When the snows begin to. melt and the irregular bands; or komitajis, becothe buSY after their fashion, there• is always a great deal of hard swearing as to • who is the aggresSor. It is generally safe to assume that nobody is wholly innocent.. It is an extraordinary fact that these pugnacious bands 'should seriously believe that something is to be gained. in the end by their intrigues, raids, depredatiOns .assassinations. It true. that by judieious" sniping Over a large number of years they may slightly' adjust .the ethnological statistics in the direction thay desire, but ultimately the problems that result have to be settled by the Great Powers. And the Balkan State which has been most troubleso!] usually has to pay the highest penalty. • The present writer was in Greece in 1897 when Ili, Greek bands, known under the collective name of Ethnike Hetairia, provoked the reluctant and sullen Turks into war. They raided Macedonia, taking then. priests with them in evidence of the holiness of then. cause ; they shot down a few unprepared Turks in tb-- frontier blockhouses and burned a village. There win not a single. substantial argument that could be dk. covered by any sensible person to justify the provocation. The Greek army was far weaker_than the Turkish army and had. everything to lose and nothing to gain by war. was as only one way in which Greece could safelv aggrandize herself and that was by the, methods sueees• fully practised for many years by the sagacious Greek Sovereign, King George. He was in the habit (i spending his holidays among his many royal relations at the European courts, and he did not find it difficult to obtain scraps for his little country towards whom all Europe was well enough disposed. All these benefit, were thrown away.
Similarly now if there is any truth in the Italian allegation that Yugoslavia is plotting a fresh upheaval in Albania, the rulers of Yugoslavia will do_ well to remember that the League of Nations has a read:: apparatus for inquiring into the doings of irregular bands, and that no worse fate could happen to a rising Balkan State than to be entered on the bad books ot the League. We do not by any means assume, however that anything can fairly be charged against the Belgrol• Government. There seems h . to be no evidence wort of the name for the accusation that the Yugoslal regular army is being put upon a war footing. Indeed. we could believe that Yugoslavia means to ehalleng, Italy to a trial of strength only if we could suppose-- which we cannot—that the Yugoslavian Government has suddenly become bereft of its senses. Italy is a much more powerful country than Yugoslavia, and the result of a war would not be in doubt.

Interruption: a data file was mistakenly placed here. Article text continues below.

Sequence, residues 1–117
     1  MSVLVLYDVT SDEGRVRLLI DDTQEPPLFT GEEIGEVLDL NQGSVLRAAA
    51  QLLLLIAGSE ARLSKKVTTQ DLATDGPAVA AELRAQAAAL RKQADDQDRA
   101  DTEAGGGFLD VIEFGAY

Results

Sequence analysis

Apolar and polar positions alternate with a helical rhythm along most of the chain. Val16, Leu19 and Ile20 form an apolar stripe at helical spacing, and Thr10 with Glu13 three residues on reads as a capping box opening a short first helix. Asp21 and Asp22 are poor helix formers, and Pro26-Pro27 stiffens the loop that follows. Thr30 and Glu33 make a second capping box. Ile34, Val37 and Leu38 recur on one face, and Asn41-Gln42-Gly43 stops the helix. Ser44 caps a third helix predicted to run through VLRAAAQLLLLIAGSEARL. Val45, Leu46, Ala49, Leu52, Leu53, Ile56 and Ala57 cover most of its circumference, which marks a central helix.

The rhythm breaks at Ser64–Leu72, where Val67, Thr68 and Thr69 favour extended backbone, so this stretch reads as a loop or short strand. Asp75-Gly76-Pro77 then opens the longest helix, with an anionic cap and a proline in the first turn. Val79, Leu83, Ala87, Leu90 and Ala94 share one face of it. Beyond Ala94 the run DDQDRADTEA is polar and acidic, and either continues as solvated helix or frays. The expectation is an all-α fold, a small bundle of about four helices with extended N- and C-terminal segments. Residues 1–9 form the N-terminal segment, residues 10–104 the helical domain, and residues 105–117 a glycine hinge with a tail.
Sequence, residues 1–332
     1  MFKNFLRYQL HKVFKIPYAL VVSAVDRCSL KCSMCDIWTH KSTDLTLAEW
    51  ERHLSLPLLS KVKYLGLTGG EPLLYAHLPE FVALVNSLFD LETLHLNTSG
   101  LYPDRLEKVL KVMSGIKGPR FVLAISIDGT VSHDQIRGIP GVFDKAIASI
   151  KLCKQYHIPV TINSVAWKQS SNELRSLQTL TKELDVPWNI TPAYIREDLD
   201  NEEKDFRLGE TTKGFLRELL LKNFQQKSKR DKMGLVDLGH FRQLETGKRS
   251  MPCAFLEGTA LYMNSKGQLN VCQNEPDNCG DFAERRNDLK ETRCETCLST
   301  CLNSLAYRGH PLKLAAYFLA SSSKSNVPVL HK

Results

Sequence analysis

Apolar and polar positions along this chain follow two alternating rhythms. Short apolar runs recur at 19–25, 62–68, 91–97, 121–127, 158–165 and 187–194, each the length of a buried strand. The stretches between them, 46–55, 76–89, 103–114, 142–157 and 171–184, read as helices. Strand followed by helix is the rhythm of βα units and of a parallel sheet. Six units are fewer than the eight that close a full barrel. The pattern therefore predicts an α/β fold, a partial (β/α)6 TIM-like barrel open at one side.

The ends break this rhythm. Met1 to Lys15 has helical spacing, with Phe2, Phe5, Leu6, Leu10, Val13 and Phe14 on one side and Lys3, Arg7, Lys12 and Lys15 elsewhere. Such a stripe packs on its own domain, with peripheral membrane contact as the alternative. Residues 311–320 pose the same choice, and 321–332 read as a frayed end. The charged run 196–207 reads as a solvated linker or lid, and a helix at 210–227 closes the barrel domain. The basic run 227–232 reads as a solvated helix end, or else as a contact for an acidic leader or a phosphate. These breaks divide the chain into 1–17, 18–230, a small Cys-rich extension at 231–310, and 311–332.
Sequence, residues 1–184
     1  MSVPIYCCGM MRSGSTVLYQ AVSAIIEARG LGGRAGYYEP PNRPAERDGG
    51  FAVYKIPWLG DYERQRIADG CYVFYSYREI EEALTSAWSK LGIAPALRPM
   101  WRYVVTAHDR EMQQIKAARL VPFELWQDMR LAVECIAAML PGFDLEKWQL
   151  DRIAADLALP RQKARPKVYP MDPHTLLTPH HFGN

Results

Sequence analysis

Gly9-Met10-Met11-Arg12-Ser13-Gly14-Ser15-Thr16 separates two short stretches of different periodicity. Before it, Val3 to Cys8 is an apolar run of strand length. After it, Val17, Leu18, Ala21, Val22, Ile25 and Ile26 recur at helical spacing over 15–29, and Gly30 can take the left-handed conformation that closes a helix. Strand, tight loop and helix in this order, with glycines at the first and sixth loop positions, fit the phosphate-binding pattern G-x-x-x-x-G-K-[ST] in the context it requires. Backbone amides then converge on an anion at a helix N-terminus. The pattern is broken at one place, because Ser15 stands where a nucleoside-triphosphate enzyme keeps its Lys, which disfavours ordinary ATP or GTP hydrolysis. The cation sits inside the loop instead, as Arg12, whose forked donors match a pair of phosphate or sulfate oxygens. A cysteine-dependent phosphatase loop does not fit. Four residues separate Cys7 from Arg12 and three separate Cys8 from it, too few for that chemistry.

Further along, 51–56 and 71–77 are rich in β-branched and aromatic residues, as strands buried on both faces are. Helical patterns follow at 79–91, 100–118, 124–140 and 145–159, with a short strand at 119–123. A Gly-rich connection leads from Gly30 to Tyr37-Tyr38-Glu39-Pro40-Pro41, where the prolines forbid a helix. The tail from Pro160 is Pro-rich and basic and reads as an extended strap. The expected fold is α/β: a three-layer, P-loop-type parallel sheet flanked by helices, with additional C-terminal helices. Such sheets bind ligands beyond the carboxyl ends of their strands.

It is said that Italy has long desired to have a foothold in the Balkans, and we. hope we shall not be charged with unnecessarily raking up ancient history if we ca!' that Italy's abrupt methods at Corfu leave a memory that is still capable of causing some anxiety. Yugo• slavia, on her side, has .taken a wise and corre, course in courting an inquiry. As we understand the matter, the British Government think that it will be sufficient to instruct the military attaches to inquir into the Italian accusations. If evidence in support 01 these accusations is forthcoming then will be :the fink' to invoke the League. The antlicnitY of - the will always be behind any sort of inquiry. • To, sum up, Albania ought to remain independent in fact as well as in name. ItalY ought to be; veil no pretext for landing troops . in Albania. Filially. it will be found, we think, that 'there will he no certainty Of peace until Yugoslavia becomes a joint sponsor with Italy for - the . integrity of Albania. There - are signs inquiry. When we write that' Rothe' and_ Belgrade may come to a direct agreement. But if this should be impossible the most considerate thing that Italy could do, aS loyal member of a European family, would be to admit that the one safe way out of a state of _accusation and counter-accusation 'is 411